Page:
Vettel was privately seething. That was the moment when it became clear to him that this wasn’t the team he’d been sold, and never would be
The brittleness that brought to the structure was evident before Vettel had even sat in the car – as first Marco Mattiacci, who had negotiated the contract, was dismissed as team principal after just eight months in the job, and then di Montezemolo himself was forced out of the corporate chair by Marchionne.
This was not the sort of tight, structured, foundation needed to build a great F1 team upon, where trust and stability are key.
Marchionne was a strict line of command guy and installed as his lieutenant Arrivabene, who actioned wishes of his boss to the letter, no argument. There could not have been a less well-suited persona to the intelligent, reflective, independent Vettel.
Seb continued trying to get the team working around him the way he felt he needed, the way Red Bull had done it.
In response, the down-the-line message from Arrivabene – in public – was Seb should just concentrate on driving the car, not on running the team.
Vettel was privately seething about that. That was the moment when it became clear to him that this wasn’t the team he’d been sold, and never would be.
But it still had a very capable technical core, was still capable of producing a great car.
That of 2015 was good enough to grab the odd victory but it was the aggressively conceived 2017 machine that really underlined how Ferrari was becoming technically braver.
That was a terrific, highly influential design. It lost out to the Mercedes only in lacking the ultimate qualifying modes, but was a title contender.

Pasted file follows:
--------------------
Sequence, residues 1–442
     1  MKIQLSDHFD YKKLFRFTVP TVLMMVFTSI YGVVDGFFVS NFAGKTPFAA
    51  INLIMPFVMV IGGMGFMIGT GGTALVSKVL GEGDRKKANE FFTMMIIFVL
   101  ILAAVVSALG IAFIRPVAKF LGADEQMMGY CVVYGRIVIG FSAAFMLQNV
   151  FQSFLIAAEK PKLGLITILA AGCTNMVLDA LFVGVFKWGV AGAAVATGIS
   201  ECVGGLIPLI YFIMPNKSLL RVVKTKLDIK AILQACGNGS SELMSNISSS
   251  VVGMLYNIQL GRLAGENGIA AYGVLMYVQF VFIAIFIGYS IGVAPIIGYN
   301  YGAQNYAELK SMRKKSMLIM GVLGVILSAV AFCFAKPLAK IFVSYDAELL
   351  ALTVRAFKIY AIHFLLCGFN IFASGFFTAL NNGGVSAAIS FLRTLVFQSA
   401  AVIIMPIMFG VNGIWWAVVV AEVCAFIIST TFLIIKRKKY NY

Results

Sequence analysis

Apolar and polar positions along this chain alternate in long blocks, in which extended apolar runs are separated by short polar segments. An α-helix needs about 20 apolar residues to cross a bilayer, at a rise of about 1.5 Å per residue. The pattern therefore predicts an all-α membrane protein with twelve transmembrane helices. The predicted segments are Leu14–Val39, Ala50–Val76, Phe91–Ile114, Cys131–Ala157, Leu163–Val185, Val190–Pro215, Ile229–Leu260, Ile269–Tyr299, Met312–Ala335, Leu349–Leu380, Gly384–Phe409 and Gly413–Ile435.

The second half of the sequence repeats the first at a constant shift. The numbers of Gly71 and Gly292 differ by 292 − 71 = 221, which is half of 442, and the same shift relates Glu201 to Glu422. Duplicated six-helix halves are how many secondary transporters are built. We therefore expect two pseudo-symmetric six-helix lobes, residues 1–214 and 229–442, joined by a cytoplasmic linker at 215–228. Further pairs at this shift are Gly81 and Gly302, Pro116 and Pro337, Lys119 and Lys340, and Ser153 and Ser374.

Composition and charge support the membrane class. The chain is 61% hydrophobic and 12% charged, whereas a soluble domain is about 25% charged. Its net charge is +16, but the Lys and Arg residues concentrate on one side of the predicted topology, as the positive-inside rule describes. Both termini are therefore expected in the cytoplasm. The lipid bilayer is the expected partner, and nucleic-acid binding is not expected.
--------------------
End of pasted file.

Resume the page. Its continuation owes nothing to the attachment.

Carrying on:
Still Vettel couldn’t keep the pressure of it all from occasionally coming through in his driving.
The pressure of being in a title-contending car against the well-oiled, fantastically integrated, stable and happy Mercedes/Lewis Hamilton combination, of trying to fight that from a more volatile, less trusting environment, was just too much.
Vettel’s startline error in Singapore that took both Ferraris out, and his unbalanced reaction to a perceived trick from Hamilton behind the safety car in Baku, were both emblematic of that. Vettel and Ferrari ultimately never quite believed in each other.
The 2018 car was even better. Whereas the ’17 car could have been a title-winner, its successor should have been. Poor detail reliability and Vettel’s own errors – most glaringly crashing out the lead at Hockenheim – prevented it.
Although the death of Marchionne and the dismissal of Arrivabene brought a much more human feel to the team in 2019 under Binotto’s leadership, the car simply wasn’t as good – and Vettel’s position was undermined by the recruitment of Leclerc. He was no longer number one with an undemanding Kimi Raikkonen as support.
The gifted, ambitious, tough Leclerc, with no historical team baggage, came in and took the impetus from Vettel, who raged against that – and impressively came back at Leclerc in the latter part of last season.
But he was fighting against a fait accompli. If he wanted to stay beyond his current contract, the only way it could’ve happened would be in the former Raikkonen role, and in the end that opportunity wasn’t even offered to him.
Ferrari wore Vettel down, over many years and in many different ways. His crashing out of the lead at a wet Hockenheim 2018, banging the steering wheel in frustration will be forever how his time there will be remembered.